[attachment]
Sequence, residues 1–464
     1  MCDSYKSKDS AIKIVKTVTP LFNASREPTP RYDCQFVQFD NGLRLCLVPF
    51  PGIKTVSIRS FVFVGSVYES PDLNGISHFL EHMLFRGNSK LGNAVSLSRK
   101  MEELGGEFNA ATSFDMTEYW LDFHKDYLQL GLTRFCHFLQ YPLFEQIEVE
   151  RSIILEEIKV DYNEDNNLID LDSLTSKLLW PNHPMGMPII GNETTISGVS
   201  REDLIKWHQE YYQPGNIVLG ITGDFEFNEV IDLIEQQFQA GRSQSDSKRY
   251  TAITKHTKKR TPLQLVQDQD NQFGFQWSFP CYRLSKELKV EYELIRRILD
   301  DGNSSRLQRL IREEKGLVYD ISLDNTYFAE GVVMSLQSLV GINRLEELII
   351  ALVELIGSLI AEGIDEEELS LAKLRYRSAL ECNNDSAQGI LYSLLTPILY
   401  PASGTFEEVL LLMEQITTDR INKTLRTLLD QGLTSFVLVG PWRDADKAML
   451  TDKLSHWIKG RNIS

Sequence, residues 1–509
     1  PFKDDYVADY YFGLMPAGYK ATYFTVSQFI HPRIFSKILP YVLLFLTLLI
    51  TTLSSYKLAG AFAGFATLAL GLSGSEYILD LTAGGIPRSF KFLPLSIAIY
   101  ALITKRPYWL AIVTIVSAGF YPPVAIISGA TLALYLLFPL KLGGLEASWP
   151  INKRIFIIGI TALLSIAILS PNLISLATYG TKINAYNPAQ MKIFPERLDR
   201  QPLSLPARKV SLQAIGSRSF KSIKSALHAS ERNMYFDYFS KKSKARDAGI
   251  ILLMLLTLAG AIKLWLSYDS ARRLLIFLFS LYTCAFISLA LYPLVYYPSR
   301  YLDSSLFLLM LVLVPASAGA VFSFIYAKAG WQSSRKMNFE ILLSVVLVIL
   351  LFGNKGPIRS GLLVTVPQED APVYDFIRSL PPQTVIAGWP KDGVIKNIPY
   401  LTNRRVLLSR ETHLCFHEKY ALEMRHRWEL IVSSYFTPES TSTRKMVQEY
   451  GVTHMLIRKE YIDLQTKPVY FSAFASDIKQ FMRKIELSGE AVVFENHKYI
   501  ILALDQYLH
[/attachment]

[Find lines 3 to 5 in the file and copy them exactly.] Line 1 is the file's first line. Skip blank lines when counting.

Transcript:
    51  PGIKTVSIRS FVFVGSVYES PDLNGISHFL EHMLFRGNSK LGNAVSLSRK
   101  MEELGGEFNA ATSFDMTEYW LDFHKDYLQL GLTRFCHFLQ YPLFEQIEVE
   151  RSIILEEIKV DYNEDNNLID LDSLTSKLLW PNHPMGMPII GNETTISGVS